America’s Exit May Have Improved the Trans-Pacific Partnership, but Not for America

Donald Trump may have pulled the U.S. out of the Trans-Pacific Partnership, but the trade deal didn't die: Last Saturday in Da Nang, Vietnam, the 11 remaining countries announced that they had agreed on the core elements of the pact.

Known officially as the "Comprehensive and Progressive Agreement for Trans-Pacific Partnership" and colloquially as TPP 11, the deal removes many tariffs and other barriers to exchange across borders. That said, it would be better described as managed trade than free trade. Free trade in the ideal sense wouldn't require a 5,500-page agreement, let alone some of the provisions that worked their way into that document.

Interestingly, America's exit has meant the suspension of some of the more egregious of those provisions. It was the U.S. that pushed the document's original rules for intellectual property, which have been criticized for maximizing copyright terms and eroding privacy rights. Similarly, the U.S.-proposed approach to pharmaceuticals would raise the cost of medicine (and restrict rather than free trade) by extending a patent by 20 years when a new use is found for a drug.

The some of the agreement's Investor-State Dispute Settlement clauses have also been suspended. These would have allowed foreign corporations to sue countries if their investments are affected by the home government's policies, an idea that has come under fire from multiple directions: Liberals see it as an appeasement to corporate power, conservatives claim it will weaken national sovereignty, and libertarians have argued that it creates special legal rights while doing little to liberalize trade.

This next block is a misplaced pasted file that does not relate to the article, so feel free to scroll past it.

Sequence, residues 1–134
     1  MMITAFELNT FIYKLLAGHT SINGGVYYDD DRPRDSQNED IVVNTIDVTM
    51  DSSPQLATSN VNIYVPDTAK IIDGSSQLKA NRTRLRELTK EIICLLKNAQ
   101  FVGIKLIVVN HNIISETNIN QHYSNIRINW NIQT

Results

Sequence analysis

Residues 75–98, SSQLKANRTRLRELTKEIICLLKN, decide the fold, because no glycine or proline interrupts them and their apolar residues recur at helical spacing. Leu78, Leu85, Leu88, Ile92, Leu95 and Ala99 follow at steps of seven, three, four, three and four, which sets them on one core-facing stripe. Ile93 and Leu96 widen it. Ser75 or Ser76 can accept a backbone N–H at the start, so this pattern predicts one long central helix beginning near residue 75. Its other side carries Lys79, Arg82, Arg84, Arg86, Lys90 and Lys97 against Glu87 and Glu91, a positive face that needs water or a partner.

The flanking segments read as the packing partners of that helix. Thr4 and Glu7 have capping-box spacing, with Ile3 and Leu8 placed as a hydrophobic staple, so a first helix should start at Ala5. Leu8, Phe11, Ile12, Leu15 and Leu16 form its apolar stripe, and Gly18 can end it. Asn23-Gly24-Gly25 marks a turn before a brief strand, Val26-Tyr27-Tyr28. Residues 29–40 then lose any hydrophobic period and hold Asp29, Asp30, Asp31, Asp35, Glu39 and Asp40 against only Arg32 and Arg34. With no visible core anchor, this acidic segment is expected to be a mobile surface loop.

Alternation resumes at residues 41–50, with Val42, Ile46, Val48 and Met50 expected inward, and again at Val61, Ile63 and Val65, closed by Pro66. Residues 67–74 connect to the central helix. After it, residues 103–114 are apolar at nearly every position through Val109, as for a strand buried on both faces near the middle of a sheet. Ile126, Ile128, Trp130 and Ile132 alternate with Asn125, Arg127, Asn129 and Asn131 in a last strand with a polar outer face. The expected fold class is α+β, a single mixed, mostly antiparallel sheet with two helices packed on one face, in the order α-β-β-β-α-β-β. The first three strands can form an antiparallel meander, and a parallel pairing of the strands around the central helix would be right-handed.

Without Washington in the mix, the TPP is a simpler and in important ways better agreement. On the other hand, now the average American won't receive any of the benefits. According to a 2016 report from the International Trade Commission, both agriculture and beef stood to gain substantially from TPP, as did the services sector of the American economy. And American farmers will be put at a disadvantage if their products face tariffs that Canadian crops won't.

The revised deal will not have the impact on global trade that the original would have had. With the United States' involvement, the agreement would have encompassed 38.2 percent of global GDP. Without the U.S., the figure is 13.5 percent.

Yet TPP 11 would still represent a change in the geopolitical landscape. "Without the United States in the TPP, and with no real promise of new trade agreements for the next few years, the economic center of gravity will continue shifting across the Pacific," says Dan Ikenson, director of trade policy studies at the Cato Institute. "I think it's better for the world (including the United States) that TPP-11 proceeds because the United States is no longer a reliable champion of liberalizing trade through the adoption of sound rules."

"The world will move on, even if we're stuck in neutral," says Clark Packard, federal affairs manager and policy counsel for the R Street Institute. "Hopefully we'll eventually come to our senses and rejoin." Ideally without dragging any bad ideas back into the mix.